Considering the size of a Facehugger, humans or humanoids are the most compatible victims. However, an Engineer, significantly larger than a human, is shown to have a ripped out chest in Alien, implying that it was impregnated by a Facehugger. Similarly, in the Assembly Cut of Alien3, a Xenomorph embryo is implanted into an ox, although again the implantation procedure is not seen. In the comics, Facehuggers have been seen attached to large Xenomorph Queens. In the Alien3 novelization, Ripley comments that a Facehugger would not likely be able to use a host any smaller than a cat. It is possible that a Facehugger does not need to entirely envelop a host's head to implant an embryo, but merely needs to subdue it and insert the embryo through the host's mouth.
As the Xenomorph species has occasionally been likened to ants, one theory is that Facehuggers may attack larger hosts in swarms, like warrior ants. Presumably several of the creatures would subdue the host while another implants the embryo. Facehuggers are also known to attach to Oswocs, Kurns and Kritics, as shown in Alien versus Predator: Extinction.
Once a Facehugger is securely attached to a host, it inserts its proboscis down the victim's throat. This proboscis both supplies the host with suitable atmosphere for breathing and also implants the Xenomorph embryo in their oesophagus, a process that takes several hours. During implantation, Facehuggers are not only able to determine a suitable atmosphere mix for the host to breathe, they are also capable of providing this mixture even in an otherwise unsuitable environment; Kane was exposed to the hostile atmosphere of LV-426 when the Facehugger that attacked him breached his suit's faceplate, yet the Facehugger kept him alive until the crew could return him to the Nostromo. It is thought that the creature does this by breaking down molecules found in the ambient atmosphere and rearranging them into the appropriate compounds before feeding them into the host's lungs; in the case of oxygen-breathing organisms such as humans, the Facehugger is capable of extracting oxygen from gaseous oxide compounds in the air, such as carbon dioxide.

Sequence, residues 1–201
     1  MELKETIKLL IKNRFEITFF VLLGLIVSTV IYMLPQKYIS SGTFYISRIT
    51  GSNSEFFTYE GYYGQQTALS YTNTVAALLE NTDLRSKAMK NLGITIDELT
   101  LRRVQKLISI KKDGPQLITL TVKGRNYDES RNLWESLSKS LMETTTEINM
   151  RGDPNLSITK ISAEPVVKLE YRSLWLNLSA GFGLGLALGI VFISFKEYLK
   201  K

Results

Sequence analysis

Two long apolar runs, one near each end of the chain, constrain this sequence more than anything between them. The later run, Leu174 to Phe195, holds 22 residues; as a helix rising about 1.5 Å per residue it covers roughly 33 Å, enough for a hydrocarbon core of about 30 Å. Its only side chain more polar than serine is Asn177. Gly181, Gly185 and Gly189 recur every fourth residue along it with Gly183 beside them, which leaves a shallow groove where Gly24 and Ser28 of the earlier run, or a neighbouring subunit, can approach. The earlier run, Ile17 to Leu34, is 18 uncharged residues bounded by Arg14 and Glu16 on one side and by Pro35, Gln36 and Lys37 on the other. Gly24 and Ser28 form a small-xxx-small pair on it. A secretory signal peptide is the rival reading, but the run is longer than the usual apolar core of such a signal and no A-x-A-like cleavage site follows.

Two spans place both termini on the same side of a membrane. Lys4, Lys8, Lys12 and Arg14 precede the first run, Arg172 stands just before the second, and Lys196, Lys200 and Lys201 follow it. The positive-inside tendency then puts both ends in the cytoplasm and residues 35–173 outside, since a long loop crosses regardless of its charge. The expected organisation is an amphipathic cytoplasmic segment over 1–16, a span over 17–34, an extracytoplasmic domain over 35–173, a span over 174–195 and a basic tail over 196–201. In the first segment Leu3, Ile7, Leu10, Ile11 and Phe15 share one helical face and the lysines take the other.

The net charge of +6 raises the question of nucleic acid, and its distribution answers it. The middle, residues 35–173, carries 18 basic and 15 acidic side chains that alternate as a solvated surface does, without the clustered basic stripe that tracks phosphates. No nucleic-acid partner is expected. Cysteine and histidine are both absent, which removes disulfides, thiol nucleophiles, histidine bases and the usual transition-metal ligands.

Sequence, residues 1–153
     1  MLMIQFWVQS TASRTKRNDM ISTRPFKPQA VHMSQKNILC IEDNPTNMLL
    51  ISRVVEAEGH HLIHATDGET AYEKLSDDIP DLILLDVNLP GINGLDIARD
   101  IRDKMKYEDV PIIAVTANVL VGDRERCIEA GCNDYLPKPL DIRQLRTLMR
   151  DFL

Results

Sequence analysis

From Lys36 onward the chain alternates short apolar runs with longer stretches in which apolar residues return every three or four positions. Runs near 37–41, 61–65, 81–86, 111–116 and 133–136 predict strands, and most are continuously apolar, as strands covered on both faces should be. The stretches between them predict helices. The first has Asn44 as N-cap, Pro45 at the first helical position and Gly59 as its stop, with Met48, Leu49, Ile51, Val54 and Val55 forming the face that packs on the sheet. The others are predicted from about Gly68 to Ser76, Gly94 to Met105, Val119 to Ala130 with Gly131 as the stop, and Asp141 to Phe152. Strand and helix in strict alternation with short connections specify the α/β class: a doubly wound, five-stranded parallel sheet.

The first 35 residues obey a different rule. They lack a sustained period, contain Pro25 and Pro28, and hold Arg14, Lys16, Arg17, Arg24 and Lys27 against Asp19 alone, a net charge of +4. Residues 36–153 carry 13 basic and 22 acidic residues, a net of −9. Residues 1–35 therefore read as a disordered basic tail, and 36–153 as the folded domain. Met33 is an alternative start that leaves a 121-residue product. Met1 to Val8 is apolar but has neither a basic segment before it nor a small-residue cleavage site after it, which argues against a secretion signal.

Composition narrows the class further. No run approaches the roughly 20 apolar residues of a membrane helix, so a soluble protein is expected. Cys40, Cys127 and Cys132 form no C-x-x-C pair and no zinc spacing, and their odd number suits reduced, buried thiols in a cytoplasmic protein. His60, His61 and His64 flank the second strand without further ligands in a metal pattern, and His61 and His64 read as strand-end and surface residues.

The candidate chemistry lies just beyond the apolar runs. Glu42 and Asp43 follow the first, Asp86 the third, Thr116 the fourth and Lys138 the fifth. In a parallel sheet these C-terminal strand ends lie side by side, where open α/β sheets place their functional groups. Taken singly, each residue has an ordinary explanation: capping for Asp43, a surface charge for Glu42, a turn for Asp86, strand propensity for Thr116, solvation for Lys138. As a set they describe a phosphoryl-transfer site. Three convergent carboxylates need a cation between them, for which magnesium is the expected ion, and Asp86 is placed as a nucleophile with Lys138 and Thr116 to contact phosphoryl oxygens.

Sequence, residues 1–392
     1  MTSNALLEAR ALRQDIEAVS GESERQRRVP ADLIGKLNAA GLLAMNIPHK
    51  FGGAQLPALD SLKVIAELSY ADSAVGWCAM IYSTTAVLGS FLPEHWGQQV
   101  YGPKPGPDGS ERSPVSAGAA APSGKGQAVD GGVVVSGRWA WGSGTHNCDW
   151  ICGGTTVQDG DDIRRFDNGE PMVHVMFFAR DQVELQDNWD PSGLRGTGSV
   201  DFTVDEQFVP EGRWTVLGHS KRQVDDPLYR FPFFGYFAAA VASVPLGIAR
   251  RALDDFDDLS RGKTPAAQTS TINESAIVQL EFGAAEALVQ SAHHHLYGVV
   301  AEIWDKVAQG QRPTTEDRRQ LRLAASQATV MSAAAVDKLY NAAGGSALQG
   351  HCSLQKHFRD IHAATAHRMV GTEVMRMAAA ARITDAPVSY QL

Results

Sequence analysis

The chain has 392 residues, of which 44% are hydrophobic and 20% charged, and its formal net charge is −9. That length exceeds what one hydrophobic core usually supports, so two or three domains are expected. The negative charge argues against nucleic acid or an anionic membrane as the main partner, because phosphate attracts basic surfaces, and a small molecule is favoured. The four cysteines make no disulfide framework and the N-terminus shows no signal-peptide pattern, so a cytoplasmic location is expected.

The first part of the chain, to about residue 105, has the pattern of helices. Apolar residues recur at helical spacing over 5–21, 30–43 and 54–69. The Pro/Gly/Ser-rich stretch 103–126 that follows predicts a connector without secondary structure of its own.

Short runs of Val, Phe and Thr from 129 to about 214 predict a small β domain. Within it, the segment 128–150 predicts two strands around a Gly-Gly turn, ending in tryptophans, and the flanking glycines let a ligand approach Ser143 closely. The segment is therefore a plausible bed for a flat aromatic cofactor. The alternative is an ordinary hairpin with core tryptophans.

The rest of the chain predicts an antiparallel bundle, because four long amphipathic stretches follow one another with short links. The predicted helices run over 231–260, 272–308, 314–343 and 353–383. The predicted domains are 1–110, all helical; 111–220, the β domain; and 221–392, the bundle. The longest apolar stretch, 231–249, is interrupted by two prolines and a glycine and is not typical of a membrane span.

How exactly the Facehugger impregnates a host is still relatively unknown as there have been theories ranging from simple embryo implantation to a viral agent that causes the host's body itself to develop the Chestburster from its own tissues. While the embryo theory is seemingly sound and one of the more accepted explanations, it still lacks any reasoning on how said embryo would end up in the chest as if an embryo was deposited by the proboscis, it would end up in the stomach as there is no access to the empty space within the chest from the throat or oesophagus. The viral agent theory solves this since the body creates and grows the Chestburster, it originates in the chest but how the body could be forced to actually create such a complex life-form is unknown since the Xenomorph seem to be bio-mechanical with highly acidic blood, it is possible that the viral agent would also include the necessary DNA for the host's body to use. In Alien: Sea of Sorrows, Andrea Rollins sends a report that the parasites have already implanted "embryos", however it is not clear if the embryos were implanted of if they were formed due to a viral agent.